Victims behind bars - foreign national women trafficked into offending
Most foreign national women in custody in England and Wales who have been trafficked into offending are not getting the help and support to which they are entitled as victims of crime, a University of Cambridge report reveals.
The report’s authors found violence, intimidation and rape were common experiences of the women, but evidence of their suffering was often overlooked and they did not receive the protection guaranteed to them as victims of human trafficking under international law. In only one of the cases of human trafficking identified by the researchers did victim disclosures result in a full police investigation in relation to the actions of the perpetrators.
The research report by Professor Loraine Gelsthorpe and Dr Liz Hales, supported by the Economic and Social Research Council, examines the case management of migrant women in the criminal justice and immigration systems, including the identification of trafficked women.
On 30 September 2012 there were 616 foreign national women in prison, accounting for one in seven of the total female prison population.
From initial research interviews with 103 women in prisons and immigration removal centres, the offences of 58 women were linked with their victim status and, with consent, data was gathered on their progress through the criminal justice and immigration system. Within this group 43 were identified by the researchers as victims of human trafficking, and five more who had entered the country independently had worked under slavery like conditions. Of these:
- Nearly half (20) were forced to work in prostitution and fifteen in cannabis production.
- Eight worked in domestic servitude, two were acting as drug mules and eight were involved in street robberies and the sale of fake goods.
- Five had been trafficked as children; one of whom had been re-trafficked to the UK after being deported to Africa from the first destination country.
The women described to the researchers their experiences of violence, intimidation and rape at the hands of their traffickers and abusers, before ending up in the criminal justice system.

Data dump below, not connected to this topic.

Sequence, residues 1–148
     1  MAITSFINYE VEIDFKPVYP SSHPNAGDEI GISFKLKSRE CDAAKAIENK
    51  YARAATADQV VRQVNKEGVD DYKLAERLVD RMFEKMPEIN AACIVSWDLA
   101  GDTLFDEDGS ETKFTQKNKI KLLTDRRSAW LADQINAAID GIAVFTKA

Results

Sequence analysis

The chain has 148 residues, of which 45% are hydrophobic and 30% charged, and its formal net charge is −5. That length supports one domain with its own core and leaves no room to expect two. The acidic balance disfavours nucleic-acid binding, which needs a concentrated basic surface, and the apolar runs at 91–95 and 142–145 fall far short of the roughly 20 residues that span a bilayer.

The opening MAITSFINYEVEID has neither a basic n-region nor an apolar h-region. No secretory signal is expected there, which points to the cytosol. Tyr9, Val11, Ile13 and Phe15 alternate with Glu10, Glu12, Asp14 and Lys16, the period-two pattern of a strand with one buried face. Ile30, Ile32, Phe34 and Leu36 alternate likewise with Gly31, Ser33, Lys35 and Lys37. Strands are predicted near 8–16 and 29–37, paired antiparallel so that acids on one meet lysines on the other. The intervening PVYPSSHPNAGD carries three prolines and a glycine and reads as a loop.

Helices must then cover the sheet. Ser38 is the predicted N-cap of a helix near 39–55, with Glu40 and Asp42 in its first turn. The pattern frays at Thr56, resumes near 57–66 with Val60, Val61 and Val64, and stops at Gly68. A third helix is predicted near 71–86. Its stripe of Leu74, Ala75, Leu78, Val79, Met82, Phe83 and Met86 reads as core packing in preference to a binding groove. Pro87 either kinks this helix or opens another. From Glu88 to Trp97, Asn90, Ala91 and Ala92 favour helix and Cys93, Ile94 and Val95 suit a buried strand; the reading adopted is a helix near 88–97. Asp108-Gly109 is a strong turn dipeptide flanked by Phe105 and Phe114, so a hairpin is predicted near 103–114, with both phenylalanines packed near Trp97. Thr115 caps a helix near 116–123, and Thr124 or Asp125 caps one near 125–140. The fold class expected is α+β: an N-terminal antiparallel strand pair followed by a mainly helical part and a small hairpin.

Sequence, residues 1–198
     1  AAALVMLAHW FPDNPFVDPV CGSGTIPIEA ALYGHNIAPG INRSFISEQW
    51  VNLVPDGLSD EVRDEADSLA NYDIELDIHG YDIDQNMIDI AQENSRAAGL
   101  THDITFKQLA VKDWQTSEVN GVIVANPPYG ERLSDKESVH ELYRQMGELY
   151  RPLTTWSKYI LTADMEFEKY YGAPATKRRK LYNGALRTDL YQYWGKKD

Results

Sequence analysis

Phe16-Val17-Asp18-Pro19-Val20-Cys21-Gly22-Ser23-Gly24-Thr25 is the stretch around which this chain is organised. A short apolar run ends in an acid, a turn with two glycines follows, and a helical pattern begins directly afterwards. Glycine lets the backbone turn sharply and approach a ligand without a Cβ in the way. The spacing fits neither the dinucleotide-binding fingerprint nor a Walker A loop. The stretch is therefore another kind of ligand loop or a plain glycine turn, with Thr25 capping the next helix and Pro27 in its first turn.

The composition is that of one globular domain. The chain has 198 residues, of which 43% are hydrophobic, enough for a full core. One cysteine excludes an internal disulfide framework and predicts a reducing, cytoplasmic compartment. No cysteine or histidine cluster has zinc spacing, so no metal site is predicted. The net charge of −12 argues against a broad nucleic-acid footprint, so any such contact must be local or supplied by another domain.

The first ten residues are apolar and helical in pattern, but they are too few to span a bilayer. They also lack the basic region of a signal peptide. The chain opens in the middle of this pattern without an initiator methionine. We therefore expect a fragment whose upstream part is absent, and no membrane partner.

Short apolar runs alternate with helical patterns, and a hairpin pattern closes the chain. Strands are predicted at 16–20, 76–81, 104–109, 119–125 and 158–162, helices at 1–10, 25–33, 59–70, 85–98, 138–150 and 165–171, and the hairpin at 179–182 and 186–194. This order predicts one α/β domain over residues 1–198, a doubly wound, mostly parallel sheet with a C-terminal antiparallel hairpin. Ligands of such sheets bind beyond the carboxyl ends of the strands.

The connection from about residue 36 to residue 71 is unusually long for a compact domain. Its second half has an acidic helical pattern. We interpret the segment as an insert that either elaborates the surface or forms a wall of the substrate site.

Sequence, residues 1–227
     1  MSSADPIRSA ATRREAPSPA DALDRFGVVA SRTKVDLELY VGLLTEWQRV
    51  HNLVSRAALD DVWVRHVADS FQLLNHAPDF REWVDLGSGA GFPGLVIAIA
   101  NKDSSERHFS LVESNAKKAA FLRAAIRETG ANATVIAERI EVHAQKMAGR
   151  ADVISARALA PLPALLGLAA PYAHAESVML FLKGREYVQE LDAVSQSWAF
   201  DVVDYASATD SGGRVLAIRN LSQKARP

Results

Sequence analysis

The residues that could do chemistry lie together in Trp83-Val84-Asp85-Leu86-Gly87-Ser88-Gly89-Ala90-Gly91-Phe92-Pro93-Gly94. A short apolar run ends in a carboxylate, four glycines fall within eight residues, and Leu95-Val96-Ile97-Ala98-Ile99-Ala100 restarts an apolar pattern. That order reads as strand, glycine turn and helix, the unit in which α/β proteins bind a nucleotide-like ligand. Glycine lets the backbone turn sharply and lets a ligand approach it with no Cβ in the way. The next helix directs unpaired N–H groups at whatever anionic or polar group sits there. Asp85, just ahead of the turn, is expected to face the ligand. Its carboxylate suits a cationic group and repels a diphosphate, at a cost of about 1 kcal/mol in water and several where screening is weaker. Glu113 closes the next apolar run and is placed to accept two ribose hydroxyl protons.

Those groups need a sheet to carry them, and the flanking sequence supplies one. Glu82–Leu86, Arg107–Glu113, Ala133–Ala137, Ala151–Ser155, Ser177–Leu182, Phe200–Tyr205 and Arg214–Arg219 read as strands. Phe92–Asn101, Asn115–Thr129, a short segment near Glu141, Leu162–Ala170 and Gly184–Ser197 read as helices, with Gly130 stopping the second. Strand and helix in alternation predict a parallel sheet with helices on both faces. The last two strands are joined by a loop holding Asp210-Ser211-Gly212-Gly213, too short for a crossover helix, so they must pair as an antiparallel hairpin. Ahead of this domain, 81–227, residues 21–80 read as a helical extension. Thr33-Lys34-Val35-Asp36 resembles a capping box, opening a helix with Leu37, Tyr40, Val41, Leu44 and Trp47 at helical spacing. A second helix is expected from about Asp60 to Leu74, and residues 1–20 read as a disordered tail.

My uncle said that they would hold me for 6 years and then I could go ... She (the mother of the household) and the children referred to me as slave. They also forced me to sleep with men ... to this I lost my virginity as a child.
(woman who was trafficked at the age of 15)
The Latvian group came and said they would shave the head of the girls working for the other gang. They did this to one girl and she was hysterical as this happened – she was screaming and I still have flashbacks from the sound of the electric razor.
(woman, sex trafficked from Russia)
Some had harrowing stories of persecution in their countries of origin:
My husband had been killed and they were looking for me to tell them the names of the friends of my husband. They held me and tortured me – look at my legs, they sprayed the knees with solder gun. I went to another area and they still found me.
(woman who came from an area of conflict in Africa)
I had to escape. We are Bajuni [a persecuted group in Somalia] and my father and then all other family members were killed. They snapped the neck of my three year old daughter.
(woman from Somalia)
A common theme of all those interviewed was their confusion and sense of powerless after arrest. One victim of trafficking stated:
At the early stages at court the only thing I understood was the next hearing date and I just felt I was in their hands – like being in the hands of the people who brought me here.
Another common problem was the failure of the criminal justice and immigration agencies to ensure the provision of adequate interpreter support and access to documents in a language the women could understand. One victim of sex trafficking, arrested for use of false documents, said:
At the police station I was confused. They spoke quickly. They never asked if I needed an interpreter. I did not understand what was going on. I was crying ... I just wanted to tell them everything – I wanted them to listen and understand. If I had been able to talk then maybe I would not be here.